Elisavet, has a BA in English Language and Literature (Aristotle University of Thessaloniki) and an MA in Cinema Studies (University of Bristol, UK). Her areas of expertise are teaching English through films as well as experiential learning and teaching very young learners. Her school got the Silver award for Innovation in Education at the Education Leaders Awards 2019 and she got the 2020 ELT Excellence Awards for her School's programme "My little House of English" for teaching English to very young learners.
The COVID-19 pandemic has changed the world, teaching and ELT forever. That is a fact. For many of us though it has been the reason why we evolved, transformed and reinvented ourselves as teachers and school managers. E-learning has been developed greatly with the introduction of new tools, upgraded platforms, the combination of synchronous and asynchronous learning, which has worked perfectly for students, and the addition of gamification. Students have developed digital skills, enjoy the learning process and look forward to the lessons. Distances are limited and now language schools have students from all over Greece; sometimes from all over the world.
We, as educators, discovered new ways of getting the message across, new ways of approaching education and new ways of assessing our students as well. We had to step out of our comfort zone, find web tools and involve kinaesthetic activities that would place the learner in the centre of the learning process. We managed to deliver student-centred online lessons making e-learning an engaging student-centred experience. Teachers in Greece aspired to make online lessons similar to their face-to-face lessons. And WE did it!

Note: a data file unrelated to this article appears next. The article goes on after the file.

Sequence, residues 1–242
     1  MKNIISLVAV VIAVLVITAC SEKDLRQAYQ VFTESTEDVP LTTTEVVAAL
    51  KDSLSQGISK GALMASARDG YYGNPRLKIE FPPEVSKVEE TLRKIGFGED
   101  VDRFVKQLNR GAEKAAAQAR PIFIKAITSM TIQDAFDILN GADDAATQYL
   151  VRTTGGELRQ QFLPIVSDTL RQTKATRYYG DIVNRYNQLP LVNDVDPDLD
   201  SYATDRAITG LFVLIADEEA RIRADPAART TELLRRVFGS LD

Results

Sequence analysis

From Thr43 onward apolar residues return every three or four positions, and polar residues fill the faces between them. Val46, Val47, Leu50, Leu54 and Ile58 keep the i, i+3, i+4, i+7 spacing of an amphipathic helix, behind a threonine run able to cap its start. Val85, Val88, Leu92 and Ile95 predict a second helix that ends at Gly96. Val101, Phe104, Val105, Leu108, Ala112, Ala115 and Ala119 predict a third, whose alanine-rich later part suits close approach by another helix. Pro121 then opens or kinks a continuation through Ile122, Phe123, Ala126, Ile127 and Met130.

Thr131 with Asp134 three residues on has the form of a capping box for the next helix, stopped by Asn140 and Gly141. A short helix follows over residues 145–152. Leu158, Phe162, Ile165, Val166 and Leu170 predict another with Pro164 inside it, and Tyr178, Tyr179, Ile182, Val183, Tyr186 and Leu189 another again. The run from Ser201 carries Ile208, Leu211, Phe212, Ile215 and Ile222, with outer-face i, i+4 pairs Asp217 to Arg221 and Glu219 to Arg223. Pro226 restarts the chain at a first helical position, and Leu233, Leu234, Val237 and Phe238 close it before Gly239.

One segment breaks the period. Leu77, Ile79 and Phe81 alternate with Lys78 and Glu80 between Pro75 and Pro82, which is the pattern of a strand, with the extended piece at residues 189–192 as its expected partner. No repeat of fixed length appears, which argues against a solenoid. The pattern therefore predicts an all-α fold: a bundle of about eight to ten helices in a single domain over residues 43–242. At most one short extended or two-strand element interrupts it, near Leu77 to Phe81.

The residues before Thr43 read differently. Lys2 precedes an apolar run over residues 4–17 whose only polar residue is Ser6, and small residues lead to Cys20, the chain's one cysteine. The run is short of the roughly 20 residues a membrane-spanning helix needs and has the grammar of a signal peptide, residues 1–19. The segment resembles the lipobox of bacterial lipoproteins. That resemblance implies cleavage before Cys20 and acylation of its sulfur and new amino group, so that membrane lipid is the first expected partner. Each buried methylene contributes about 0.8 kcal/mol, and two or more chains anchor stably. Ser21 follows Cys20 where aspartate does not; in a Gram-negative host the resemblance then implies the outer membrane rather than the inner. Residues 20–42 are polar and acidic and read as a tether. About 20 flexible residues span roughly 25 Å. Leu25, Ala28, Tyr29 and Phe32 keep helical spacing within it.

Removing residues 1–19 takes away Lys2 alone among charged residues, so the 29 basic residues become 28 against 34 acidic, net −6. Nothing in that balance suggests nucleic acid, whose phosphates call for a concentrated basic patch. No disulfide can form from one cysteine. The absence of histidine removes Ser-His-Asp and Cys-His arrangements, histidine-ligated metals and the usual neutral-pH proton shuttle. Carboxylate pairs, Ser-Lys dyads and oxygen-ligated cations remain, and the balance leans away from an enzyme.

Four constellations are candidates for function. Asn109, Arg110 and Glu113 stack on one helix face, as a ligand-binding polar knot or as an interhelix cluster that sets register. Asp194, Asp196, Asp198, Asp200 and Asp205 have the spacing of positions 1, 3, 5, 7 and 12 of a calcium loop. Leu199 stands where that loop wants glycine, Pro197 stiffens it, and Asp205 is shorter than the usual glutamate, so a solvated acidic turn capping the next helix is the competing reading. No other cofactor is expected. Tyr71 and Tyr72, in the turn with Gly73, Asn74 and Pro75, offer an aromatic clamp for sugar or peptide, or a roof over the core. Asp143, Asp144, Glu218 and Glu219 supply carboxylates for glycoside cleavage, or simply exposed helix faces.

The huge success of this major step will have an amazing impact on the face-to-face lessons as well, if we take advantage of it. If we managed to succeed in having active learners in online lessons, imagine how successful we could be if we implemented all these things we’ve learned, in our face-to-face lessons combined with the experiential learning methodology. This would be the new trend in language teaching; a combination of all the valuable knowledge gained during the time of the pandemic from the online lessons with the magic of the experiential learning approach. We could create experiences in the classroom which would unleash students’ creativity, promote collaboration even outside of the classroom and create autonomous learners.
Although things in the field have developed greatly, there are still issues that remain unsolved. Language schools still function as test centres. Grammar is still thought to be the most important aspect in teaching, learning and assessing language. Assessment is mostly summative with parents and teachers considering marks and scores the only things that matter when assessing a student’s progress. This is not 21st century Education. This is not Education at all. We teach language and we should make it an enjoyable experience by exposing our students to the target language as much as possible. If we, as teachers, create the conditions and teach the language holistically, learning will be achieved. We should promote critical thinking by focusing on the things that matter. Students, should be able to express themselves in the target language, be who they really are and say what they want to say. Our students are not score reports. They are rebels, poets, directors, actors, script writers, orators. They are the future generation which, hopefully, will change the world. Let’s teach them this way.